A tale of two comments

Kevin Standlee and I were exchanging comments at File 770 about Patrick Richardson’s post concerning how he was not considered a Real Fan of science fiction and fantasy:

KS: It sounds very much to me like, “Because there aren’t more people who think JUST LIKE ME!”

VD: Then why are so many of you bitching about the fact that we’re flooding
the Hugo voting with more people who do, in fact, think like us? Larry
brought in a few dozen voters last year. Now we’re bringing in a few
hundred more. You want more people? Fine. We’ll give you more people.

KS: Yep, go ahead. What many of us object to is the implication that people should nominate/vote for things without reading them, because it will make the Bad People Cry. Even more annoying to me is the implication that those of us who have been voting have been doing so for Evil Political Reasons, not because we like the works involved. This strikes me very much as an argument made by people who have so little empathy that they can’t believe any rational person would like things other than what they like, and therefore the only reason things they don’t like win is because of the system being borked by Evil People.

VD: The rules were established last year when the other side declared they
did not have to read our works to vote on them…. How can you condemn us for nothing more than
following the example they set last year? We were being generous. If you actually think mediocre hackwork like
and Ancillary Justice and “If You Were a Dinosaur, My Love”
represents the best of science fiction today, I feel pity for you. If
you were supporting that sort of thing for Evil Political Reasons, at
least I could understand that. If you simply like wallowing in literary
excrement, well… that is your prerogative.

It’s interesting to see how the goalposts move, is it not? But I encourage you all to note that everyone from Kevin Standlee to John Scalzi now publicly declares it’s fine, it’s great, it’s wonderful that so many Sad Puppies have gotten involved in the Hugo voting process. They never seem to mention the Rabid Puppies though. I wonder why that might be?

Meanwhile, they continue to ignore the fact that the pinkshirts are continuing to do the very thing they accuse our side of doing, which is to say, voting and nominating without reading everything and blindly rejecting the other side’s works on pure political grounds. Consider this very typical and telling comment from a Whatever rabbit:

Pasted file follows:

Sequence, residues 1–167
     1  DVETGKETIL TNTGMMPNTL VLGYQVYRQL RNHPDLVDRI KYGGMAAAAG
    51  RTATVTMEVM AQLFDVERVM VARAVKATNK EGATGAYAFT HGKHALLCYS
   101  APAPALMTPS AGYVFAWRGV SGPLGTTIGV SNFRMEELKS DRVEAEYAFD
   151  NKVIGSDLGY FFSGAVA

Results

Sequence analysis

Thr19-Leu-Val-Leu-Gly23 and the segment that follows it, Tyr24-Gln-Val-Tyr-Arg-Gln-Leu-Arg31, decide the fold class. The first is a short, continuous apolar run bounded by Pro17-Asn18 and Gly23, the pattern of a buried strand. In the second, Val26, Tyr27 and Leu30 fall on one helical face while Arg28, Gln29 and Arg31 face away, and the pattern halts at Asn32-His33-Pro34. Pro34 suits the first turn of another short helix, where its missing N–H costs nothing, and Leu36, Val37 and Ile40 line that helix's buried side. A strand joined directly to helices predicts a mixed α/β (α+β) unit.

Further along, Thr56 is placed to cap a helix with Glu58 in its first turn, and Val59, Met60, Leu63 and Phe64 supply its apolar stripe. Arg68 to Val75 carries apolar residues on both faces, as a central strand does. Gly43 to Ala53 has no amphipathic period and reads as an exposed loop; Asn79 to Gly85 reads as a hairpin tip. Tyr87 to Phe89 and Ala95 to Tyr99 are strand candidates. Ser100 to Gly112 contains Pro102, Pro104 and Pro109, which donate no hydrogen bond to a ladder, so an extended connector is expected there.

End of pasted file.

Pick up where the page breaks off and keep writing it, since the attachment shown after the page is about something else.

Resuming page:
This blog post and the extended discussion in the comments
caused me to seek out the Sad Puppy Slate for this year. I readily
concede that I haven’t read any of the books or stories on this slate
but then, there are incredibly huge numbers of books and stories and
articles I haven’t read that were published in 2014. It’s the nature of
the field.

My curiosity did lead me to check out one of the books in the “related works” category: John Wright’s Transhuman and Subhuman: Essays on Science Fiction and Awful Truth.
One of the Amazon reviews of the book quotes one essay in which Wright
writes: “girls who do not like love stories are well advised to learn
to like them, because such stories deal with the essential and paramount
realities on which much or most of that girl’s happiness in life will

Yikes! If that’s a sample of what is in store here, I am not
inclined to spend $4.99 to purchase the book for my Kindle. After all,
I’m a woman (not a girl, please note) whose happiness in life is
certainly greater for the love of my beloved husband, but who was also
very happy with a thriving career, thousands of books, great friends,
frequent travel and an abundance of furry critters before he came into
my life. The idea that I can’t be happy without a man — well, you know
that old saying about fish and bicycles.

So it appears that, once again this year, the slate has been chosen
not with an eye toward the quality of the work in question, but as a
means of sticking a thumb into the eye of those not likely to vote for
the proposed slate. How does this win hearts and minds? Or is the
battle the real end here, with persuasion not even intended? What does
that prove?

The pinkshirts are claiming to be able to judge our quality without ever reading any of it. Meanwhile, we openly mock the quality of the crap they hold up to be science fiction’s best precisely because we HAVE read it, my love. And there isn’t a word of criticism from the nominal Hugo moderates for the likes of this pinkshirt who hasn’t read a single thing from the other side, but rejects all of it on the basis of a single quote from a single review of a book. Furthermore, having been reading the Amazon reviews, she has to be aware that it is a book with 22 ratings averaging 4.8 stars, and yet she claims that single quote somehow indicates that it is a work that has not been chosen for its quality! It’s not just the pinkshirt-nominated works that reek of bullshit.

Remember, both Sad Puppies and Rabid Puppies have recommended for nomination John C. Wright’s highly regarded Transhuman and Subhuman, which was a #1 bestseller in Science Fiction History & Criticism and is still a Top 20 bestseller in Philosophy>Good & Evil, in the Best Related Work category that was won last year by an openly tendentious, ideologically-charged BLOG POST. But somehow, we’re accused of being the side that places politics over quality. The evidence strongly suggests otherwise.